Community
Forestry
Program
Work Team,
Cornell Univ.
Cornell University

Community Forestry
Home Page


Community Forestry Planning

  • Developing a Master Plan
  • Acknowledgments (work team members)


  • Conducting a Street Tree Inventory

  • Street Tree Project History
  • Hiring the SWAT Team
  • Using the Inventory
  •    - Inventory Methodology
       - Using Excel 2003
       - Using Excel 2007
       - Using STRATUM
  • Updating the Inventory


  • Resources

    Site contact:
    Dr. Nina L. Bassuk
    Horticulture Section
    134A Plant Science Bldg
    Cornell University
    Ithaca, NY 14853
    Phone: (607) 255-4586
    Fax:(607) 255-9998
    Email: nlb2@cornell.edu

    Community Forestry
    Community forestry planning


    Developing a Street Tree Master Plan

    maps and highlighterThe development of a master plan is an important tool in managing our community forests. A management plan establishes a clear set of priorities and objectives. The Northeast Center for Urban and Community Forestry has developed a Guide to Completing a Street and Park Tree Management Plan plus a Sample Management Plan to assist small to medium sized communities in developing management plans. Other aspects of a master plan include a municipal ordinance and a street tree inventory.

    Why a Master Plan?

    • To decrease the risk and the cost associated with tree branch failures
    • To provide greater energy savings and pollution reduction through maintaining a healthier urban forest
    • To increase storm water recharge and reduce the need for building more storm drainage infrastructure
    • To help beautify the environment and create a community identity
    See, for example, what the Village Green Committee in Red Hook, NY, is doing ensure the long-term health of the village's tree population.

    Getting Started - Citizen Tree Groups

    Developing a master plan takes input from many different individuals who will be impacted by the management of the community forest. Formal citizen groups such as a Tree Board can assist tree managers in relevant ways to support, encourage and improve the growth of the community forest. Tree Board members can be a village trustee, a Department of Public Works employee, or a resident who cares about village trees. The Tree Board can work with local agencies such as Cornell Cooperative Extension or the New York State Department of Environmental Conservation to help set up the management planning process. A Tree Board can also be empowered to oversee the community forest master plan by a municipal tree ordinance. If given this responsibility, the next step for this group would be to organize an inventory of all street trees and planting spaces within the municipal boundaries.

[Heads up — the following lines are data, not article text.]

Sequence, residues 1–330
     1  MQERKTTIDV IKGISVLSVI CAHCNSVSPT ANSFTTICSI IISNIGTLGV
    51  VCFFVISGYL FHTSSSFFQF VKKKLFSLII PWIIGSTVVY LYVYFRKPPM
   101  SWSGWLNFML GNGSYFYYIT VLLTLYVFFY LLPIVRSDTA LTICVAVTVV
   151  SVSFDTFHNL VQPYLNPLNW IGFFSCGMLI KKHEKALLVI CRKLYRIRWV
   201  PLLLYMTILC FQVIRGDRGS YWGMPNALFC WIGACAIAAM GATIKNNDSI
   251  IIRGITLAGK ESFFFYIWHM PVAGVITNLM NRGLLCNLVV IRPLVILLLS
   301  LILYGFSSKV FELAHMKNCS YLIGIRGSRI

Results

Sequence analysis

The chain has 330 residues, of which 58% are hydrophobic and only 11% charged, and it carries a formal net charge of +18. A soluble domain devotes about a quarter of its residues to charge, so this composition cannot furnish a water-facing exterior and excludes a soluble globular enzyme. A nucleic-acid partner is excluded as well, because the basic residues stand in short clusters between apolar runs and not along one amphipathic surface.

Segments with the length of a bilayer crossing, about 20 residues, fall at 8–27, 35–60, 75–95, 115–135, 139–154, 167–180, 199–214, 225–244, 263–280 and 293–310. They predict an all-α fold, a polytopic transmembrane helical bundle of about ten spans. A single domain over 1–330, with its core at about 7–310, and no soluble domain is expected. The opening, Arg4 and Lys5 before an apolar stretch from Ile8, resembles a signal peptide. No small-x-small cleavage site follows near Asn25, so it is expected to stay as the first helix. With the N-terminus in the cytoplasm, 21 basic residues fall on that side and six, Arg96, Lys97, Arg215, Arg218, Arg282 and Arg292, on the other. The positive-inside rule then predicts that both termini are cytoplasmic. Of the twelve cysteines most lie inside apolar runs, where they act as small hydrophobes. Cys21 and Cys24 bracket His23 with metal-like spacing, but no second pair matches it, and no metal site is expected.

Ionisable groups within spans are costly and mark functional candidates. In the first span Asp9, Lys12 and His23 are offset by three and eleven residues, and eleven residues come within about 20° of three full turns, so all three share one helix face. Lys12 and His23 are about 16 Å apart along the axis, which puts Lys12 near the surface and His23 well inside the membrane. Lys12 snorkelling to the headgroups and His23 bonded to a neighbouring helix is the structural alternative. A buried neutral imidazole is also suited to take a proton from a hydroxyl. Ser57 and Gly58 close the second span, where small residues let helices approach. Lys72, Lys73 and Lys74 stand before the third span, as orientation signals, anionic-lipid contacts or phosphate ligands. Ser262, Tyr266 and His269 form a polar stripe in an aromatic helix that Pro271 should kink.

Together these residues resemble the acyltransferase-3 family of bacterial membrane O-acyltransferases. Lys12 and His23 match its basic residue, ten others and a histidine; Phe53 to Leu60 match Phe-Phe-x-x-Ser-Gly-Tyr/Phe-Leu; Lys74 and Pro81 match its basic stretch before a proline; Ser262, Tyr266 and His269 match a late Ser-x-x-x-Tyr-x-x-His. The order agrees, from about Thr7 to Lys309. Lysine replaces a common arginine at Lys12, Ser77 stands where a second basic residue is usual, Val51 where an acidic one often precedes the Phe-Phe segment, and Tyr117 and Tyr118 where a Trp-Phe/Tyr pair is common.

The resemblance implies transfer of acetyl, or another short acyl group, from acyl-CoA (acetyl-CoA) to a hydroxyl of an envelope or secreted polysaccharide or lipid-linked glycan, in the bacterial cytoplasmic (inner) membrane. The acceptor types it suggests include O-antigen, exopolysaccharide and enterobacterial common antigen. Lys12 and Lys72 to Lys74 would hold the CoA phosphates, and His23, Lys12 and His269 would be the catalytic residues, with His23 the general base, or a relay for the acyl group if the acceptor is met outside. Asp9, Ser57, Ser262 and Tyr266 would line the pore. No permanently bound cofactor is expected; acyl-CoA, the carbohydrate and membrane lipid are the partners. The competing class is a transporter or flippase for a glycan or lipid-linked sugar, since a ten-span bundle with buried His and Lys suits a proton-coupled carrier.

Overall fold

How to Write a Municipal Tree Ordinance

    A tree ordinance is a formal long-term policy for establishing tree care policy. An ordinance sets up permanent procedures and establishes legal authority. The tree ordinance establishes a permanent and official policy for the community. It declares standards for selection, planting and maintenance. It can also provide a reasonable basis for dealing with the public. How do you get one in place?

    • Start with a sample tree ordinance
    • Work with a small group representing various interests including local government, street maintenance, tree care professionals, utilities, and the general public.
    • Make the ordinance clear, reasonable, and concise.
    • Keep the process as public as possible.
    • Follow standard procedures to get the ordinance into law. Publicize the ordinance widely after it becomes law. Make sure all municipal agencies are aware of the ordinance and its provisions.

    The Street Tree Inventory

    Conducting a street tree inventory is essential to developing a community forest master plan. It is a complete survey of all trees and planting sites within the municipal right-of-way. An inventory:

    • Reveals the species composition, age, and condition of community trees
    • Supplies guidelines for new street tree plantings
    • Identifies where to focus limited resources and allows tree managers to set priorities for pruning and removal work
    • Quantifies the economic and environmental benefits provided by the community forest

    The street tree inventory allows a community to manage the community forest proactively rather than reactively in order to promote its long term health and maximize the benefits it provides.

    Conducting a tree inventory usually means hiring an arborist or consulting forester. The Community Forestry Program Work Team has developed a fast response or SWAT team approach to provide small communities with an inexpensive alternative. In this method, a Student Weekend Arborist Team performs a walking survey and, in one or two days, inventories all trees and planting spaces within the community. Find out how your community can participate at Conducting a street tree inventory.



    Copyright, Horticulture Section, School of Integrative Plant Science, Cornell University.